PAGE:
Exclusive Music Review: Gorgon City @ Printworks

Photo Credit: @gorgoncity Instagram

So, this article has been a long time coming what with essay deadlines and mountains of reading springing left right and centre, but let us rewind to last month – specifically the date of the 8th of Feb! The settling is Printworks – its industrial aesthetic can cause you to initially be unable to imagine something of the intensity of an electronic music gig happening there. The vast space has an underground vibe, counteracting the commerciality of Gorgon City’s music with its low key and down-to-earth essence. The electronic duo returned to this renowned venue to showcase their second studio album “Escape” which was released in summer 2018, and they succeeded in bringing this energy to the venue on the cold February night. The multifaceted pair treated the audience to house, electropop and UK rap, keeping the crowd pumped for the entire night. Gorgon City at Printworks was not just a concert, but as if a festival had been condensed under one roof, when you walked into the venue you were instantly hit by the flashing lights and camaraderie of people swaying to music.

Gorgon City remained in the background, allowing featured artists Josh Barry and Chenai to showcase their vocal strength and ability to hold a 3000 strong audience rapt. “Love Me” in particular pealed through the room with the sound causing vibrations on the ground as Chenai’s vocals meshed seamlessly to the instrumental, whilst Josh Barry, who having worked with the duo previously on their 2014 album, ‘Sirens’, demonstrated a comfortable and effortless stage presence and ability to work the crowd.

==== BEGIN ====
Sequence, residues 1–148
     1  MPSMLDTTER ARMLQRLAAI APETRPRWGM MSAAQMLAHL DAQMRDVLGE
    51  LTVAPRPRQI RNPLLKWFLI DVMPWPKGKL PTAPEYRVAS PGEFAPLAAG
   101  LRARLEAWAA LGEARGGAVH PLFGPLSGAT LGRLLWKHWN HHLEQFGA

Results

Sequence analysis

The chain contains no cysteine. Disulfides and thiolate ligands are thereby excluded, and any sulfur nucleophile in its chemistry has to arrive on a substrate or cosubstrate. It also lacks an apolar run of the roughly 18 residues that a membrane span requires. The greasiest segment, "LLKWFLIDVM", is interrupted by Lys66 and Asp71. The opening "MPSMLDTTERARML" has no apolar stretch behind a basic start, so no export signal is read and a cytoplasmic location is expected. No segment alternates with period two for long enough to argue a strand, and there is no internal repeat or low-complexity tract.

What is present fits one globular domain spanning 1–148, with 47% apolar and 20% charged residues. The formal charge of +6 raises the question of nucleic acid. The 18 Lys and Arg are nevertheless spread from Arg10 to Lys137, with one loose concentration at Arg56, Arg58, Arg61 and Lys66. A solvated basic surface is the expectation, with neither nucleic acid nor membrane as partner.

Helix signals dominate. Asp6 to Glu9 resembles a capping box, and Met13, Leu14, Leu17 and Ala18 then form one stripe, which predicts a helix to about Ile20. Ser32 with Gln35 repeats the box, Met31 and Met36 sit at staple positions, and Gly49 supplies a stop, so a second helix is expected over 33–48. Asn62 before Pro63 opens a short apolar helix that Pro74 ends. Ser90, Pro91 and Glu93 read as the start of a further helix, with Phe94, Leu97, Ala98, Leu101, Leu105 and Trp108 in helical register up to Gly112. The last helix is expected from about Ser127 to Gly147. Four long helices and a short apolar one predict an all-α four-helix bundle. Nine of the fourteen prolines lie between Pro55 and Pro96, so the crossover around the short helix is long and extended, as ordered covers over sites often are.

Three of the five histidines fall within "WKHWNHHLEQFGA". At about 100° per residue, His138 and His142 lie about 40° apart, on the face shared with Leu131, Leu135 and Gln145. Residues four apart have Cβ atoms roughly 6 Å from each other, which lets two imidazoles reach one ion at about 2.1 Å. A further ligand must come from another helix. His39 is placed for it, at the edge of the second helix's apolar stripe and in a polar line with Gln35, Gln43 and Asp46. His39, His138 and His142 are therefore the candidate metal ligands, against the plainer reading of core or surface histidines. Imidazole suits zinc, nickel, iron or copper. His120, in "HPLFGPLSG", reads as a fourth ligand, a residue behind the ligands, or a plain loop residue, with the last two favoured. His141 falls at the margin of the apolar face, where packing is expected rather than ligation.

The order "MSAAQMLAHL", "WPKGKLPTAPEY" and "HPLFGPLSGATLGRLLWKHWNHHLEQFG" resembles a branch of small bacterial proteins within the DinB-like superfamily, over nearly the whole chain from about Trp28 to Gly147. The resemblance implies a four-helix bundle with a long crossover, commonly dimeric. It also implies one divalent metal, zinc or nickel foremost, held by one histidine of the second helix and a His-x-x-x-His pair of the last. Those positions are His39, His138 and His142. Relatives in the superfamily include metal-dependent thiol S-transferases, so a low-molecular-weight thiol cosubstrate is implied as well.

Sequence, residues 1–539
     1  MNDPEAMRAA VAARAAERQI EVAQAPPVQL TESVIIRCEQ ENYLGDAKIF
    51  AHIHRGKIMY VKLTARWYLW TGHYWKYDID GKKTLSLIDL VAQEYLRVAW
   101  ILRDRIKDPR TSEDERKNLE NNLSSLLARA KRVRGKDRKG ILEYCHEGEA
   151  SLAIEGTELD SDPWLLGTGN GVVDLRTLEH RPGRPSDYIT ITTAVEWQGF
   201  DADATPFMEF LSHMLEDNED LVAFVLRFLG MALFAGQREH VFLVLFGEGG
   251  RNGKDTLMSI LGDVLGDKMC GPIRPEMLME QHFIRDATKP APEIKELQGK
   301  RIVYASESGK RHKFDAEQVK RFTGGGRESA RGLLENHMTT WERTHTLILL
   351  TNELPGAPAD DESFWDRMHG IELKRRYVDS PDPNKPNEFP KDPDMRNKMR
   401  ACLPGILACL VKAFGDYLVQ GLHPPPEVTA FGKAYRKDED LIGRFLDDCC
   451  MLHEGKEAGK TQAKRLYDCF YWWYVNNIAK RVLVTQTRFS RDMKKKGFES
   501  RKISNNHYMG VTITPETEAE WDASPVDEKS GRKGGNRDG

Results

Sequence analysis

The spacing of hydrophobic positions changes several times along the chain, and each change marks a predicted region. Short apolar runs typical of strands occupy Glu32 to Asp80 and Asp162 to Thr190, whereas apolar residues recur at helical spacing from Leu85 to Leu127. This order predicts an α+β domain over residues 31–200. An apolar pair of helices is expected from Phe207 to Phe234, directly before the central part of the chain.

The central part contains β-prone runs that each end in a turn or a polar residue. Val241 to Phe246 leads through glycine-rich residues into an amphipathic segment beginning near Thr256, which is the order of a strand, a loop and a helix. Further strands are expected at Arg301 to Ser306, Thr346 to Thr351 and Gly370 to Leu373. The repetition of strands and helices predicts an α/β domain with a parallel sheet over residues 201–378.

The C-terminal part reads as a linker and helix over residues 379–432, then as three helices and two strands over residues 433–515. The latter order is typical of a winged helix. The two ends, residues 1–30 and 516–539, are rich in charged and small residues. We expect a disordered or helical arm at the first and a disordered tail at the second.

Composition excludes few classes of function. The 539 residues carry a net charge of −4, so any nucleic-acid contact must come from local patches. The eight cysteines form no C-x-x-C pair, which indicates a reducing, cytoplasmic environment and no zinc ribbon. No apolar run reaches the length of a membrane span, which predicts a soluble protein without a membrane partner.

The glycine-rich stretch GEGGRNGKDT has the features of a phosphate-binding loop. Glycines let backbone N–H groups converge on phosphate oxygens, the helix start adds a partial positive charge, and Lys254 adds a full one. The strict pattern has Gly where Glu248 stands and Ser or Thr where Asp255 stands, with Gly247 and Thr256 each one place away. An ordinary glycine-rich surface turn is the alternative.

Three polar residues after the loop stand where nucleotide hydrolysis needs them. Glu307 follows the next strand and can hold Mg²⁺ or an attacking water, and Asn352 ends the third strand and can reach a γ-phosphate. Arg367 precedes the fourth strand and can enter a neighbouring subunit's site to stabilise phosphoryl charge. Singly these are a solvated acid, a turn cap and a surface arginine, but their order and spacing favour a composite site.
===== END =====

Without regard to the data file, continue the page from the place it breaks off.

Photo Credit: @gorgoncity Instagram

The energy onstage was emitted into the audience from the barrier, where revellers grabbed each other excitedly as a chart heralded track would be blasted from the speakers and to the back of the room where audience members had to stand on their tiptoes to make out the luminous stage – although the pyrotechnics themselves were indiscriminate and cast multicoloured beams across the exposed brickwork.

Confetti streamed down at multiple points, entangling us in a mass of sweat, booze and high spirits. The intensity of the visuals almost obscured Gorgon City themselves, especially during ‘Motorola’ where the music video flashed against the background as the bass pounded from floor to ceiling. The abrupt transitions between each song kept the audience on their toes where there was no opportunity for anticipation, and each track came as a 120bpm wave crashing into the crowd.  They saved their hit single, “Ready For Your Love” for the end, elevating the party atmosphere as balloons were volleyed between strangers in a surprisingly universal and diverse audience. From students to middle-aged couples, it was clear that Gorgon City’s commerciality does not come in lieu of a genuine connection to their sound.

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